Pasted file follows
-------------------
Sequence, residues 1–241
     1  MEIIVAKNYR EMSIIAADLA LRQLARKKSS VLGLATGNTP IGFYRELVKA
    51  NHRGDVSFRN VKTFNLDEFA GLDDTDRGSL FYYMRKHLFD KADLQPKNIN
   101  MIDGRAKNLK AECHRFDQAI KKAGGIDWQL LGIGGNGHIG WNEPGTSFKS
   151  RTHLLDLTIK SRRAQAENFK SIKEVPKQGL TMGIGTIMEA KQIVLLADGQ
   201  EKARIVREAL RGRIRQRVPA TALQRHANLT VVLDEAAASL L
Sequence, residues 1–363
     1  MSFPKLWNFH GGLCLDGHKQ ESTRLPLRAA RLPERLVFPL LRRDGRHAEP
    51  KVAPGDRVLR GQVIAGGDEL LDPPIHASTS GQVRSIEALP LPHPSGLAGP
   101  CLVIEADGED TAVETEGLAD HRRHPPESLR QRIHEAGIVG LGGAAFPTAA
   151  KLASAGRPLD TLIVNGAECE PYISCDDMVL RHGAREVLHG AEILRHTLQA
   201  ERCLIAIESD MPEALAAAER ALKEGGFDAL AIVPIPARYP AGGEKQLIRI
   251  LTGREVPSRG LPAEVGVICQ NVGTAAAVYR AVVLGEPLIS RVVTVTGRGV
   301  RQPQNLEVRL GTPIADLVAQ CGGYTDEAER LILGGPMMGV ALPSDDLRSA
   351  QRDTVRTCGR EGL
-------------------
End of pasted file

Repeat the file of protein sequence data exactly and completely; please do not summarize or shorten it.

Sequence, residues 1–241
     1  MEIIVAKNYR EMSIIAADLA LRQLARKKSS VLGLATGNTP IGFYRELVKA
    51  NHRGDVSFRN VKTFNLDEFA GLDDTDRGSL FYYMRKHLFD KADLQPKNIN
   101  MIDGRAKNLK AECHRFDQAI KKAGGIDWQL LGIGGNGHIG WNEPGTSFKS
   151  RTHLLDLTIK SRRAQAENFK SIKEVPKQGL TMGIGTIMEA KQIVLLADGQ
   201  EKARIVREAL RGRIRQRVPA TALQRHANLT VVLDEAAASL L
Sequence, residues 1–363
     1  MSFPKLWNFH GGLCLDGHKQ ESTRLPLRAA RLPERLVFPL LRRDGRHAEP
    51  KVAPGDRVLR GQVIAGGDEL LDPPIHASTS GQVRSIEALP LPHPSGLAGP
   101  CLVIEADGED TAVETEGLAD HRRHPPESLR QRIHEAGIVG LGGAAFPTAA
   151  KLASAGRPLD TLIVNGAECE PYISCDDMVL RHGAREVLHG AEILRHTLQA
   201  ERCLIAIESD MPEALAAAER ALKEGGFDAL AIVPIPARYP AGGEKQLIRI
   251  LTGREVPSRG LPAEVGVICQ NVGTAAAVYR AVVLGEPLIS RVVTVTGRGV
   301  RQPQNLEVRL GTPIADLVAQ CGGYTDEAER LILGGPMMGV ALPSDDLRSA
   351  QRDTVRTCGR EGL